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The most effective acupuncture point

Published:Wednesday | July 30, 2014 | 12:00 AM

Tracey-Ann Brown, Complementary & Oriental Medicine

Of the close to 1,000 acupuncture points on the body, the point identified as PC.6 (Pericardium 6) or 'Inner Pass' stands out for its use in the relief of a number of health discomforts.

PC.6 is found on the inner forearm, between the two prominent tendons running between the elbow and the wrist and is located two inches above the wrist, joint. It lies on what is known as the pericardium channel/meridian, which originates in the chest and runs along the inner arm and forearm, ending on the tip of the middle finger.


In traditional Chinese medicine, it is used to:

❐ Alleviate nausea and vomiting.

❐ Calm and relax.

❐ Relieve chest pain.


This point is very popular for the relief of motion sickness and morning sickness symptoms in pregnant women. It is also used in cases of nausea as a side effect of chemotherapy and radiation.


Shen refers to the spirit of a person and is an indication of mental and emotional ease. In trying to calm the shen, the intent is to restore calm and ease to the person through the stimulation of this point. PC.6 may be used alone or in combination with other acupuncture points for persons suffering from:

Insomnia: disturbances in sleep patterns resulting from difficulty falling asleep, staying asleep or both.

Excessive agitation, restlessness and irritability: whether because of lack of good sleep, uncomfortable environmental factors, work and family pressures or a medical condition.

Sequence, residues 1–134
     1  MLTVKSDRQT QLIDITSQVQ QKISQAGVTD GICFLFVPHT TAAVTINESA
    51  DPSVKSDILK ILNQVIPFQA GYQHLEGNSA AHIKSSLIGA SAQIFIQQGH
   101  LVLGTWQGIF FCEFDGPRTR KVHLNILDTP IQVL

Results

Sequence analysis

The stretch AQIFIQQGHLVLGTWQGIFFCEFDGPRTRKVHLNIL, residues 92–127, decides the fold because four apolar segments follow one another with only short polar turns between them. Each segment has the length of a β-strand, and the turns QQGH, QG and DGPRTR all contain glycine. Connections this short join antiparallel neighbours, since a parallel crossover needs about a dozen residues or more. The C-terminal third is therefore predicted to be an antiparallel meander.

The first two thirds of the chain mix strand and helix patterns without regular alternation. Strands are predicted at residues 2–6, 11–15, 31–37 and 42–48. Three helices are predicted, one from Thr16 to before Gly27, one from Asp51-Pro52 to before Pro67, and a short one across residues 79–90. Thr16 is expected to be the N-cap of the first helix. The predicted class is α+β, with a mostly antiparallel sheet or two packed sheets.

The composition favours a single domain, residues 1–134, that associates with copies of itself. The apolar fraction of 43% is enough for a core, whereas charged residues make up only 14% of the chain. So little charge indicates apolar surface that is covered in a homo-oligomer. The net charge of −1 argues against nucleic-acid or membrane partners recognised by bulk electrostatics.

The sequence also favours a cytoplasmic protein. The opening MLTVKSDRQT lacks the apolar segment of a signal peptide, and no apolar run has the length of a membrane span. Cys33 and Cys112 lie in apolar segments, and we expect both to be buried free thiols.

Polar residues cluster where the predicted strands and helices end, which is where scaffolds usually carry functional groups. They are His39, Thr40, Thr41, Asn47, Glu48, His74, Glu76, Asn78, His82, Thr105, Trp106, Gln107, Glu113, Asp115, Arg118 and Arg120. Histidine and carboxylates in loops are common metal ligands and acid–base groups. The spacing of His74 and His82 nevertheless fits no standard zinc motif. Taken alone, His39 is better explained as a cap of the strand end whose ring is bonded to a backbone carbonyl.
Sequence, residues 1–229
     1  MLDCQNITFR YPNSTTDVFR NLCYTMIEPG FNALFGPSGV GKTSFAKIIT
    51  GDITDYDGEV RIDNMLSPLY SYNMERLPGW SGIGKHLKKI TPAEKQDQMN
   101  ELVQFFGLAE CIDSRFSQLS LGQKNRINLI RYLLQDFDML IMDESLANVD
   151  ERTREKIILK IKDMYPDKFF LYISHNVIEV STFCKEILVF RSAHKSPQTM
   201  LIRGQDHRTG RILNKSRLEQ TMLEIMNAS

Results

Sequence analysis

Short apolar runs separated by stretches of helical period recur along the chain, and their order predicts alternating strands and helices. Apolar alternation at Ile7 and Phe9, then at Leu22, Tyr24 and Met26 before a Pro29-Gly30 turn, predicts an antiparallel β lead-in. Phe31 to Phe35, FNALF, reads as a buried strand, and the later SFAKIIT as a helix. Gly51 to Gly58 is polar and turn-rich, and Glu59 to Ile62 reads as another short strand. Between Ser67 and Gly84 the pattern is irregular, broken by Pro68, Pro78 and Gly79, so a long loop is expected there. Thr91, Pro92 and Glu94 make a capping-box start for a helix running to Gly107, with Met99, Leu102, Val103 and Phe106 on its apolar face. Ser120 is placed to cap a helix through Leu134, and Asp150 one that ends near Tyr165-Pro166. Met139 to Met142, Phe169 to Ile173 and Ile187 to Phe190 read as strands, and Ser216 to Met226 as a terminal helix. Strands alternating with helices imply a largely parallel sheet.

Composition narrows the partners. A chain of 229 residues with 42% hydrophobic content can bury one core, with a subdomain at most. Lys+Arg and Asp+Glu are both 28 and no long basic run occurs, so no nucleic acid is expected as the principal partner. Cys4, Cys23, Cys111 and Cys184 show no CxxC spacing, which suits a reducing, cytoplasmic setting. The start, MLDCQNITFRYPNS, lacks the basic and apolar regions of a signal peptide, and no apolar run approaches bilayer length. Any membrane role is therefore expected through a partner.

Stress and anxiety: whether because of work, family or a variety of life pressures.


It is also an effective point in the relief of a number of chest complaints, including palpitations, in which one feels as though their heart is beating too fast or too hard and chest pain.


One method of stimulating PC.6 is with the insertion of very thin acupuncture needles. When needled, the acupuncture needle is directed perpendicularly with a needling depth of approximately 1/2 an inch and left in for the duration of the acupuncture session.


Alternately, one can administer self-massage at this point, using slow circular motions for five minutes or more. Depending on whether you are using this point to aid sleep, relieve anxiety, chest pain or nausea and vomiting, appropriately diluted essential oils may be massaged at the point to enhance relief.

Nausea relief oils: peppermint, orange, lime, chamomile, bergamot, anise

Calming oils: chamomile, lavender, sandalwood, Ylang Ylang, frankincense.

In recent times, clever persons have attached a small seed (magnet or ball) on the inside of a wristband worn over the point to allow continuous stimulation of the point if needed.

Dr Tracey-Ann Brown is an oriental medicine practitioner of acupuncture and herbal medicine at Revamp Comprehensive, and adjunct lecturer at the University of Technology in oriental/Chinese medicine; email:

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